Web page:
CONSECRATION OF THE BOYS TO THUNDER

Wayne Tyndall
©1999 Wayne Tyndall
All rights reserved.

Unlike the girls who had finished their rites except only one, the boys had two more rites which they must complete before they could take their full place within the great tribal circle. After completing these two rites they could become full fledged warriors that were ready to defend the people in time of war and be able to hunt and find food for the people.

Soon after the boys completed the "Turning of the Child" ceremonies, they underwent a supplemental rite of "Consecration of the Boys to Thunder."

At a time when great turmoil was facing the Umonhon Tribe, Honga Clan leaders from within, the old ones realized that they had to take firm measures to control the people to keep them together as a Nation. Over the past memory of man, the Osages, Poncas, lowas, Kansas, Quapaw and Oto had broken away and gone to establish their own tribe but without any kind of system which would keep them intact and protected from without. It seemed that other tribes not even speaking the same language as the Umonhon  were being disrupted and moving away from their ancestral homelands to get away from the coming of a new race of people with a different way of life. It was not only due to a weak form of government that this separation was taking place but also because of moving about over land and space that the tribes were without a firm government and the people were leaving and taking a chance at survival.

In the Umonhon reorganizational effort the old chiefs placed the Wezhinshte (Elk) Clan as keepers of the Sacred War tent and the duties which went along with that trust.

The ancient ceremony had to do with the young boys having a lock of hair cut and given in proxy to the Thunder god through the priest of the war clan who placed the lock of hair in a depository as a connection of boy to the Thunder god who was his protector in war and in life that evolved around the great tribal circle, the Hu'thuga. The Konce (Sky) Clan was in charge of conducting this ceremony through a designated priest. The Konce and Wezhinshte Clans sat opposite from each other in forming the Hu'thuga and shared common rites of the people under their charge.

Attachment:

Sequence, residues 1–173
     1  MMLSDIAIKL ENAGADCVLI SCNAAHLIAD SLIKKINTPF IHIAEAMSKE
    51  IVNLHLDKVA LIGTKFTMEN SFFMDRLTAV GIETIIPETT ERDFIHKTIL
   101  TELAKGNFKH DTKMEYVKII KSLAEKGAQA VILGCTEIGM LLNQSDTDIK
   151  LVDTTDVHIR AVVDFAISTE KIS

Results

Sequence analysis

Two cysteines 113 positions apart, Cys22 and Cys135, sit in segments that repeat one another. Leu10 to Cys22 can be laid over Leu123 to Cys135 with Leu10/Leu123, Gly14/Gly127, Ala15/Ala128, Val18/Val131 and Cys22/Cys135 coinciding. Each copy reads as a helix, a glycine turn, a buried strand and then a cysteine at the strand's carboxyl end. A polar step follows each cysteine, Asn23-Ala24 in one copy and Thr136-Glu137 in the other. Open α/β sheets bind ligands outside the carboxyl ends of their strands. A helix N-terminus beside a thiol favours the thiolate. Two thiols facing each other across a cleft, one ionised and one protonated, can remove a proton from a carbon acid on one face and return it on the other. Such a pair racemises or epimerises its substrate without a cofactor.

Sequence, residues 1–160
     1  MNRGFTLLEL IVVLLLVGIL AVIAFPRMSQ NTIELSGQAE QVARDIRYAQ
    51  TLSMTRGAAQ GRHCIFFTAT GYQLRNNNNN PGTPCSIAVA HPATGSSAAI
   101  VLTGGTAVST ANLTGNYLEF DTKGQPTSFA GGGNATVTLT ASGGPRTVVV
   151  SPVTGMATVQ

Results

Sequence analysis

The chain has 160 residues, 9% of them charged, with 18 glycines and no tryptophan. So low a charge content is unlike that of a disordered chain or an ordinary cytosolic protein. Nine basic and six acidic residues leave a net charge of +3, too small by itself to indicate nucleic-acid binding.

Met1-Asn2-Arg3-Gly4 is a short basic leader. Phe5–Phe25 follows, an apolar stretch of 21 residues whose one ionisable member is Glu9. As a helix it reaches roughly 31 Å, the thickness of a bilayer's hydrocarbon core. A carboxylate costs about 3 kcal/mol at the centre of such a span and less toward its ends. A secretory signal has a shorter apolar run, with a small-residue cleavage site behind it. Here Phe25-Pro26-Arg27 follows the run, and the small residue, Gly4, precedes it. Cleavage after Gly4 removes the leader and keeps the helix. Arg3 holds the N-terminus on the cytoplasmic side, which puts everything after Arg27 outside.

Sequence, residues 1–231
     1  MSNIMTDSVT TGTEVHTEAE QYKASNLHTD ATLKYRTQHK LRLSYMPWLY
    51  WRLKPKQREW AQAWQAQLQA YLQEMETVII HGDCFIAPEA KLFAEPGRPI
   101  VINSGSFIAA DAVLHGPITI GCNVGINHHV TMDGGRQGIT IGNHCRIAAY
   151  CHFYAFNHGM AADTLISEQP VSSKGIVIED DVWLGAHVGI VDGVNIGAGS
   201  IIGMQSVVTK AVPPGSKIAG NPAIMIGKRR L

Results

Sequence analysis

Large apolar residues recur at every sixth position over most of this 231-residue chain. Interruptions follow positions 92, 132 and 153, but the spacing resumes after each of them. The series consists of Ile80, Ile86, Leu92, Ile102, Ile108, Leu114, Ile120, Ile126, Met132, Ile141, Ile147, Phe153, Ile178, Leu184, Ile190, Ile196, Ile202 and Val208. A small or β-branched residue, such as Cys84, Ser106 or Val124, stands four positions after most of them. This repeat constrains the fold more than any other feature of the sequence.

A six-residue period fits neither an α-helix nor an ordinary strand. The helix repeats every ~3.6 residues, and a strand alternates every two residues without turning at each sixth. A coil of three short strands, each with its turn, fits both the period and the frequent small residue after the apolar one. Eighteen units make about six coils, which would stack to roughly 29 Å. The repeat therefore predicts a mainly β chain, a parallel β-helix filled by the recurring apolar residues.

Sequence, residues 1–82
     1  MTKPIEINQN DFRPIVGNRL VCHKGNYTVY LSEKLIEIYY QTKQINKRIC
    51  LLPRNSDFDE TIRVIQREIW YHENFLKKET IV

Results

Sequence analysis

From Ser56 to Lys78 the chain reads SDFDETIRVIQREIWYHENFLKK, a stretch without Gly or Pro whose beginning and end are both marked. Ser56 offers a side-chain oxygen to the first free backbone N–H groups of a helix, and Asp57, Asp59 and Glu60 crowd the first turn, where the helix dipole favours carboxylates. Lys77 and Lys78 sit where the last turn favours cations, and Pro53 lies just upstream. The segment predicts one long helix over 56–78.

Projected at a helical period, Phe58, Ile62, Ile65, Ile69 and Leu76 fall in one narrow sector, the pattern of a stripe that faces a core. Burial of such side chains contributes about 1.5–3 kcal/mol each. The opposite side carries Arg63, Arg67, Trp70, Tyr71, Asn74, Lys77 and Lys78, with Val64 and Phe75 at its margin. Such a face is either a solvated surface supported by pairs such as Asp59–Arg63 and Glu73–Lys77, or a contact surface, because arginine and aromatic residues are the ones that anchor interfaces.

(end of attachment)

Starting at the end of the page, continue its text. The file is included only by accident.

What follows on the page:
The thunder as the god of war protected the warrior from harm and gave him power to have self control and maintain order among the people and was able to defend them from outside forces. The Wezhinshte Clan was given the charge to bestow war honors on the warriors and at the same time authorizing the warriors to go to battle when war was about to take place. The Thunder god could take a warrior's life when it saw fit.

At the end of the ceremony, a ball of grass was thrown by the priest to the ground where it burst into flame emblematic of the lightning which accompanies the thunder.

 

CEREMONIAL INTRODUCTION OF THE BOYS 
TO THE SUPER NATURAL THUNDER GOD
(VISION QUEST)

Wayne Tyndall
©1999 Wayne Tyndall
All rights reserved.

This rite called No n'zhinzhon, (to stand sleeping) means that a boy stands as if oblivious of the world and conscious of only the inner self.

The old priests said, "Let us make our children cry to Waconda that Waconda may give us strength."

All the families took their boys and put soft clay on their faces and sent them forth to the high hilltops to pray for four days and nights with neither food nor drink.

The grandfathers said to the boys, "You shall go forth to cry to Waconda. When on the hills you shall not ask for any particular thing. The answer may not come as you expect; whatever is good, that Waconda may give."

This ceremonial took place in the early spring soon after the first thunder was heard. The boys went forth to seek their vision and song.

The boys cried to Waconda :

Waconda! Here, needy, he stands, I am he.

Finally on the fourth morning the boy had his vision and a song came to him, that would take him through the life on earth. He would always remember his vision and his logo which would remind him of his purpose on earth.

It was said that the moon (female) would have a bow and arrows in the one hand and a burden strap in the other hand and when the boy reached for the bow and arrows, she would cross her hands and try to force the burden strap upon him; if he were strong he would resist the burden strap and fight her for the bow and arrow. If he should fail, he would forever forfeit his manhood.

Men as boys who shared the same vision and object such as a wolf or eagle joined a common society.

The boys vision and song gave him a philosophy which led him through the darkest hours of life and remained with him until his dying day and connected him with the forceful power of the universe of the seen and unseen, visible and invisible.

 


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